“What is troublesome about poets sequestered at the university is that unless we go to trade school or are exempt as trust-fund cases, in the sight of potential employers we might as well bear the mark of the beast. As a result, the university is virtually the only place for us. In the nation at large being a poet is suspect at best. ‘Read? I don’t read. Readin’s for queers,’ said one respondent to a recent poll on literacy. What a country.”–C.D. Wright
America has this thing about elitism, always has. It’s snobbish to read. It’s hi-falutin’ to get an education. It’s poking fun at your uneducated ancestry to want an education, to want knowledge, to want to better yourself. I’m sick of that crap. Go for what you want, even if it makes you look like a “queer.” Pretty soon, we’ll all look like queers, and the world will be better for it.
C.D. Wright’s words that I took from her book I just finished (Cooling Time: An American Poetry Vigil) combine two things I know about this country: We are suspicious of education and we think that poetry belongs to the educated. I guess my whole life has been a way of addressing both of those ideas.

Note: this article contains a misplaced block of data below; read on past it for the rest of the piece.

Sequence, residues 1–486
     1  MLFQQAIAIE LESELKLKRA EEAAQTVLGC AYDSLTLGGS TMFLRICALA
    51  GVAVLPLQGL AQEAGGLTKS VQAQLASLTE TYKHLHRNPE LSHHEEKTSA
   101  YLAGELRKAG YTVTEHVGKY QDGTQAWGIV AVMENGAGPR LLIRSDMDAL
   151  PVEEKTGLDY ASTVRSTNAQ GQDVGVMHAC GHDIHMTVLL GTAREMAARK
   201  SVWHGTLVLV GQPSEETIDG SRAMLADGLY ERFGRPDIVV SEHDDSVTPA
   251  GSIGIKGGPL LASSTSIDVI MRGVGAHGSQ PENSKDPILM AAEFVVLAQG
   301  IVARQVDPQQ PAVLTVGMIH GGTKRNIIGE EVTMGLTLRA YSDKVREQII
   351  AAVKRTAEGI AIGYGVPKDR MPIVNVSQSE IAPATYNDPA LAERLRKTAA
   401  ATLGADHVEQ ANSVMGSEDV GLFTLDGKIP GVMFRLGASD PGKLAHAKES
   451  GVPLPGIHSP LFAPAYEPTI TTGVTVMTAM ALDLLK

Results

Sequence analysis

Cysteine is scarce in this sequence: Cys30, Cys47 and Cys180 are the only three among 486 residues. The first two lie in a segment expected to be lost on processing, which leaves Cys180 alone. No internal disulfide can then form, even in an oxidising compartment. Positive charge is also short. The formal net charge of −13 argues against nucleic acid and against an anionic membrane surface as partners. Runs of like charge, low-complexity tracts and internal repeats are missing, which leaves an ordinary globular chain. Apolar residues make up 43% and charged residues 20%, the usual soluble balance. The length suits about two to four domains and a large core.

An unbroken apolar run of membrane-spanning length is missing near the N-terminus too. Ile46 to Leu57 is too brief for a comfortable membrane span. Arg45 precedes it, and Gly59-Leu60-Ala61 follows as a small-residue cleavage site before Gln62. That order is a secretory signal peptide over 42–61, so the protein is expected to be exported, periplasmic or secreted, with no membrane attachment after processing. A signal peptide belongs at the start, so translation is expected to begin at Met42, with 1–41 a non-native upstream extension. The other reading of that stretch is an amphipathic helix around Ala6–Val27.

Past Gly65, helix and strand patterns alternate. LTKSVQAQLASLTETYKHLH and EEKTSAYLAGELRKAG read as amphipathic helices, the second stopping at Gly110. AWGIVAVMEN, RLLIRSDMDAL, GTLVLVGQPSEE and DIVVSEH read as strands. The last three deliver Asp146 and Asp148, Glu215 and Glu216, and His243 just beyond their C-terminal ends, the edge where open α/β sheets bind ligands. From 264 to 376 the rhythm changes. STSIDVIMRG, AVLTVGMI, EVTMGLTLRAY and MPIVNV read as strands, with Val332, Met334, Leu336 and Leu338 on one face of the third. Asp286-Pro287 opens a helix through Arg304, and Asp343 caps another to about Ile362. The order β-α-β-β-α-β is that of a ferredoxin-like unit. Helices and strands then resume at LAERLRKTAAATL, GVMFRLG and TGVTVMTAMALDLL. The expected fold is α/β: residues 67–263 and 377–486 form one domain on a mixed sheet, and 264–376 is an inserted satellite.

In my first master’s thesis (never completed), I used a line from Cather’s My Antonia in one of my poems, and I don’t have the poem or the thesis anymore, so I will paraphrase: “I knew I could never be an academic. I could never lose myself for long among impersonal things.” Education need not be impersonal, but it often is. I have always fought against that trend.
Poetry belongs everywhere. Good poetry. Not doggerel or Reader’s Digest verse or clichéd ditties. Real poetry belongs everywhere, and everyone needs to read it. Elsewhere in the book, Wright says, “It is poetry that remarks on the barely perceptible disappearances from our world such as that of the sleeping porch or the root cellar. And poetry that notes the barely perceptible appearances.” For that reason alone, poetry belongs everywhere.
It is more accurate and efficient than history. It is the news that stays news. It is the record of the consistent line that runs through time when the blood is gone and the bone is crumbling in the dust. I’m always asking the world to be open to poetry. I tell you, Listen to the way it cuts through the fog, and the way it is the fog and the way it shows you that you are the fog, as well.